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Every year there’s a Portal. I mean, it’s not called Portal or anything, but every year there’s a puzzle game that wears its influences so obviously on its sleeve so as to invite comparisons. Quantum Conundrum, QUBE, Antichamber, The Talos Principle, and now—for 2016—The Turing Test.
Here, the gimmick is electricity instead of portals. But still, it fits the genre. So, how does it stack up?
Fork in a socket
As you might expect from the title, The Turing Test revolves around similar questions of human consciousness and machine intelligence as The Talos Principle. Hell, there’s a reference to the story of Talos hidden within one of The Turing Test’s optional chambers.
You play as a woman with the bit-too-on-the-nose name of Ava Turing, part of a crew sent to Jupiter’s moon of Europa to drill for energy and search for the possibility of life. A few years into your mission you’re awoken from stasis by an AI named T.O.M. who says communication with the rest of your team has ceased, and you need to find out why.
Arriving on Europa from an orbiting space station, you find that the crew’s living quarters have been rearranged into a series of puzzle chambers, a la Portal, which require “lateral thinking.” This is apparently impossible for T.O.M. (hence the Turing Test title), and so it falls to you to do things like throw boxes through windows and step on switches.
As I said, The Turing Test revolves around electricity—evident by the number of cables draped casually through windows and nailed to the walls. You manipulate the flow of electricity in a number of ways, but most typically by either a) removing fuse-like boxes from walls and placing them in other sockets or b) using your “Energy Manipulation Tool” a.k.a. a gun to suck electricity from the wall and shoot it into new sockets.
That’s an oversimplification, but it’s decidedly more one-note than something like The Talos Principle or Antichamber. Is that a bad thing? Not necessarily. This is a breezy puzzle game, one where the rules are clear, there are only so many possibilities for each room, and the answer always feels just around the corner. I blasted through all seventy of The Turing Test’s main chambers and its seven optional (slightly more difficult) puzzles in about five hours, and came to appreciate the quick pace. It never grinds, never gets stuck for too long.
That lack of friction also works against The Turing Test, though. You burn through the puzzles, and when you’re done it feels like a blur of similar rooms. There’s not really an a-ha moment, no puzzle that really stands out as the culmination of its ideas. It feels like the puzzles never get as hard as they should, or as hard as they had the potential to be. Wonderful set-up, but no payoff.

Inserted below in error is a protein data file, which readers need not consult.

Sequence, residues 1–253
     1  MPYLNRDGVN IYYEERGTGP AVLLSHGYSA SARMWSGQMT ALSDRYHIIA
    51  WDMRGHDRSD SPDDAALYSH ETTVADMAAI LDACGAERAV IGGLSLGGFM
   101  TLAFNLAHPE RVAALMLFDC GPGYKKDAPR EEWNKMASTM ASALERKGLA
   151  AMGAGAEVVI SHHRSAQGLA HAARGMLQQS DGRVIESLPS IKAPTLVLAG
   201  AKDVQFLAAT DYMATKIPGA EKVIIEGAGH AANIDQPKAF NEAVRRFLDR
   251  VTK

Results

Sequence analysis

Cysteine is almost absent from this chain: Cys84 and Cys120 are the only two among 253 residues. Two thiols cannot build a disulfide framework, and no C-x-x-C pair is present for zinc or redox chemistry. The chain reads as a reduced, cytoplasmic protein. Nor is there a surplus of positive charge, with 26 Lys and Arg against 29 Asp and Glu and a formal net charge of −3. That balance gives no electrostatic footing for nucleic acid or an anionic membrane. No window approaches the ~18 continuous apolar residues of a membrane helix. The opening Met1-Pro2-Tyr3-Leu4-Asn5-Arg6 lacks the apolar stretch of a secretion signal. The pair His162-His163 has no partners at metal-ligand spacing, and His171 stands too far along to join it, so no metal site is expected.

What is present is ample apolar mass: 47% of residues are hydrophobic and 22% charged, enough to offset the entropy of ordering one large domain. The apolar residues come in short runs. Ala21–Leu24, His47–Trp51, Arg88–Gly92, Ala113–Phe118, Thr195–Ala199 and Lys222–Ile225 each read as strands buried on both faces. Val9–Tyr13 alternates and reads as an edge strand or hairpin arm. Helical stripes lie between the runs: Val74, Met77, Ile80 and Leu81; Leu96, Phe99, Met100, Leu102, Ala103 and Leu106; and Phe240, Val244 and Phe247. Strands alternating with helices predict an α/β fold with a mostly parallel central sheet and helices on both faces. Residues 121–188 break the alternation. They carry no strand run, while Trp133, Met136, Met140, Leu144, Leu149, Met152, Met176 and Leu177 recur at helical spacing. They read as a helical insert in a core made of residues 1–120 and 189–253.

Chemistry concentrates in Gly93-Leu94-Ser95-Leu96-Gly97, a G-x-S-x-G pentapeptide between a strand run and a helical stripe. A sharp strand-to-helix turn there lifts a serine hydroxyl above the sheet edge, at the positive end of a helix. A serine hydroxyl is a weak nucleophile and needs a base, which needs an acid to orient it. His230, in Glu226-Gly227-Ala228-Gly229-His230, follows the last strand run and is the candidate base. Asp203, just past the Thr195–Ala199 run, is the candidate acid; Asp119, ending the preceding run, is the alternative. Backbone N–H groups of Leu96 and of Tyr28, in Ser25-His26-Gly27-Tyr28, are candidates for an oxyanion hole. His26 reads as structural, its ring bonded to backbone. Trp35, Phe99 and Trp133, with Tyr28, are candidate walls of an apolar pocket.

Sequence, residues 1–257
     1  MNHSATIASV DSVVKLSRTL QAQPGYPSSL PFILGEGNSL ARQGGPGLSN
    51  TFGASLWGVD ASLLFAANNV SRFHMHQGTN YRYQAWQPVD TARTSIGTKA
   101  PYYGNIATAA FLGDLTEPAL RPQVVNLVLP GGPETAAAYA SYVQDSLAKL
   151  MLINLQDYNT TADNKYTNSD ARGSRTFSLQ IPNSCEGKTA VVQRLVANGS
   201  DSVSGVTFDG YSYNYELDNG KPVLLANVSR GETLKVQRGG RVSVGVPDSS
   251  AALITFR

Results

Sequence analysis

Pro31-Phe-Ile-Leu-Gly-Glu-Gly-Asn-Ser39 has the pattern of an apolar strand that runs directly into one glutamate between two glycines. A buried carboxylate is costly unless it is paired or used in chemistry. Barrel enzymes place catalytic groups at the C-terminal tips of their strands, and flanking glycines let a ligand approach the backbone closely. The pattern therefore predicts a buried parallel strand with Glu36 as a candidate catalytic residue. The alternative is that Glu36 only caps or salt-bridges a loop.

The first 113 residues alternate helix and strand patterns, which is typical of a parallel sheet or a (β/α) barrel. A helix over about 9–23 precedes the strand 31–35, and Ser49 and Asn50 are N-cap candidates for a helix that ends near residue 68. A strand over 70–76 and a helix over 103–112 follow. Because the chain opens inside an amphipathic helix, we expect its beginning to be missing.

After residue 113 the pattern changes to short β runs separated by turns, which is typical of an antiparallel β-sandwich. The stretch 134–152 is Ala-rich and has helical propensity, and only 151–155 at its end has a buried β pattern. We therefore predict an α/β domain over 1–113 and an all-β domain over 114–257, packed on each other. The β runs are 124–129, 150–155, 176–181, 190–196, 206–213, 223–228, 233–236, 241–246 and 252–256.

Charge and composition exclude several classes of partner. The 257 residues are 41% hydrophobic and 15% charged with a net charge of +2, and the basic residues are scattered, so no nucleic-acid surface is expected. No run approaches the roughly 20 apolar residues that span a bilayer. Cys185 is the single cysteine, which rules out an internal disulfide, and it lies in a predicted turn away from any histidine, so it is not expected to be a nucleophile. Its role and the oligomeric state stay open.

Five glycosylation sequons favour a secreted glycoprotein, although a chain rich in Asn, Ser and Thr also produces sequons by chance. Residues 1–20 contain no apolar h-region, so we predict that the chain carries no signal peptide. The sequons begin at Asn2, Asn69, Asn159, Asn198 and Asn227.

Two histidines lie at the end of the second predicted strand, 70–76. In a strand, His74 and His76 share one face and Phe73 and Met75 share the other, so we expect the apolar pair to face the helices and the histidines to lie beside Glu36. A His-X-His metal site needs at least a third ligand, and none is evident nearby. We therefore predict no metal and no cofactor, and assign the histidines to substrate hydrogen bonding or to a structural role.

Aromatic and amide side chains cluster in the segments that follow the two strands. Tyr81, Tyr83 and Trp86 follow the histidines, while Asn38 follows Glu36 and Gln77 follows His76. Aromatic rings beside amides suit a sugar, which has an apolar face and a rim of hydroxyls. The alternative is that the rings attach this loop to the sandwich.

This is most evident in the aforementioned optional chambers—seven not-so-secret rooms with more playful puzzles, ones that challenge you to use the game’s limited tools in more creative ways. It’s a shame The Turing Test doesn’t provide more rooms in this vein, because I found myself sprinting through puzzle after puzzle trying to get to the next optional room, one that would require slightly more of the game’s vaunted “lateral thinking.”
And reward me with more story. The Turing Test’s plot is as breezy as its puzzles, told mostly through found documents and pace-killing audio logs hidden in the optional rooms and scattered at the end of each ten-puzzle chapter. (Please, developers, if you have to include audio logs at least make it so I don’t have to stand in one place to listen to them.)
The title probably gives you a good idea of the game’s themes—“Can machines think?” “Are they conscious?” “Are they conscious in the same manner as humans?” “Do they make decisions?” “Does free will exist?”
Classic themes, although The Turing Test isn’t nearly as subtle or contemplative as The Talos Principle. There’s quite a bit of backstory to piece together, and playing post-hoc detective in search of the crew makes for ghoulish fun, but The Turing Test doesn’t say much that hasn’t been said by a thousand other robot stories. And it’s so damned earnest about it too.
I don’t want to disparage The Turing Test too much. It suffers by nature of comparisons with other similar games, but perhaps unfairly. With its lightweight puzzles and plot, The Turing Test is one of those “Great-For-An-Afternoon” games, the ones that scratch a specific itch and go down easy. In this case, it’s the “I need something like Portal, but I’ve already played Portal” itch.